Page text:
I was hot, drained, thirsty, and there was no one around to judge me. I pulled off my boots and socks, rolled up my pant legs, and dangled my feet in the cool water as I filtered. The cave wasn't tall at the opening, forcing me to duck below the hacked rock to enter, though it did open up a bit inside. I could probably stand straight up five feet in if I wanted to, half-submerged in water. After drinking a full liter that's exactly what I did, too. I pulled off my shirt and waded in, carefully feeling out the rocks and silt underfoot, and then ducked right under the water surface in that tiny little cave. It felt marvelous.
Once I crawled back out of the cave I let my skin dry lazily, enjoying the brief chills that the breeze gave me before the hot soaked back in. More water was filtered, more water was drank, and I took my time getting packed up. Chris had to be getting close now - I'd spent over an hour at the cave. Just as I climbed up the slope and began hacking my way back to the water troughs I heard him shouting for me from Brad's Canyon. I called him, showed him where the cave was, and then laid down under a nearby Pinyon to read from my Kindle while he watered up.
We didn't leave Brad's Water until well after four. The long break had been much needed and we felt refreshed heading back towards the trail. Well, mostly refreshed. Chris was done. I suggested pushing on for another half mile to the junction with Hoolie Bacon, hoping that we could finish this section of trail and possibly find some water at the nearby La Barge Spring 2, and he reluctantly agreed. Which turned out to be a mistake. La Barge Spring 2 was a massive disappointment. There was a maze of trails snaking around the area, trails that went nowhere, and the wash that was supposed to flow from the spring was bone-dry and thick with brush. Not just any brush - angry, thorny, tangled, and twisted brush that cut Chris and I up like an energetic butcher. The site of the spring itself had some moss and dried algea on the rock and no water. We retreated back to Red Tanks Trail sweaty, bloody, and defeated.
There were a few hours of daylight left and we needed to find a campsite and water yet. Trudging up the trail above the wash was a slow process. Chris was completely drained and we needed to call it soon. There was the option to retreat to Brad's Water, even though there were no clearings large enough for a tent, but Chris was vehemently against hiking the half mile back. We got a break when the dry La Barge Wash swung back towards our trail, only a few hundred yards from our failed exploration of La Barge Spring 2. There was a small pool of green water hidden under a large boulder, complete with two fighting gila monsters nearby.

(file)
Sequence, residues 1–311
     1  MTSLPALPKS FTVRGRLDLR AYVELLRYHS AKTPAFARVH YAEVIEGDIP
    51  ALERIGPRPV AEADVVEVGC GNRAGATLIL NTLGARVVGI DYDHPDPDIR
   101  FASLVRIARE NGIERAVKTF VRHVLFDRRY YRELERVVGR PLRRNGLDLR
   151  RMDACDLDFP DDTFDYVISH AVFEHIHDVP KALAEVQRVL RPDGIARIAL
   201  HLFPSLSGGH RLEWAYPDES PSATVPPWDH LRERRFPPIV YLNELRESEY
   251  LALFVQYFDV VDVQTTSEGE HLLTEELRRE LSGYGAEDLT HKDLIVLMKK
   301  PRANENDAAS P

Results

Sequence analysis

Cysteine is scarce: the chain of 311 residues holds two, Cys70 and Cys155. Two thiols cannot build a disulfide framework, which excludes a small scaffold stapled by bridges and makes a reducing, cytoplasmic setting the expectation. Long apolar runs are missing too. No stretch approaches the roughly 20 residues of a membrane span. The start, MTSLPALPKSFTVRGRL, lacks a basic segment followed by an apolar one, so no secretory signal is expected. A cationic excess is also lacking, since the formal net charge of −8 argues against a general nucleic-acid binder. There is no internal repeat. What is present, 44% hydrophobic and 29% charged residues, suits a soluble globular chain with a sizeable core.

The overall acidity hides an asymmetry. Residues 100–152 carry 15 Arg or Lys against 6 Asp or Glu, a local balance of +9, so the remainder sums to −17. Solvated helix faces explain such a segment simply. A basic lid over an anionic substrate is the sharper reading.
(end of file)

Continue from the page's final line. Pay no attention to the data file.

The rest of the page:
Fighting gila monsters provided plenty of good entertainment as we filtered water from the small pond. The water was filthy enough that we had to use a cloth to strain chunks of green floaties before pushing through our Sawyers, and even then I could taste some the scum after. Once I had watered up I decided to venture further down the trail to find a campsite, as the rocks here were too angled to pitch a tent on. Chris was still working on filling up to capacity as I headed west and, less than a stone's throw from where our pool was, found a network of interconnected campsites. We were good for the night.
So we camped near the junction of Hoolie Bacon and Red Tanks, less than six trail miles from where we started that morning. It was a bit disappointing. Yet we had some good adventures today. There was the long climb up Red Tanks Divide, drinking water that was more green than not, wading around in a half-submerged cave (possibly an old mine?), and then watching gila monsters fight as we filtered water from a desert tortoise's home. Oh yeah, did I mention that the small green pond we just pulled from had a little tortoise swimming around in it?
Dinner was a quiet affair. Chris opted for a small helping of mashed potatoes before retiring to his tent, probably exhausted from hauling his gear and putting up with my chatter. I ate my dinner and then decided last-minute to relocate my shelter closer to his tent. We wanted an early start in the morning and he had the only alarm clock, and I figured two people hearing an alarm would have a better chance of getting up that one. I stayed up just late enough to watch the moon rise over the western hills before slipping into my sleeping bag, too tired to continue on my book before falling asleep under a moon-bright sky.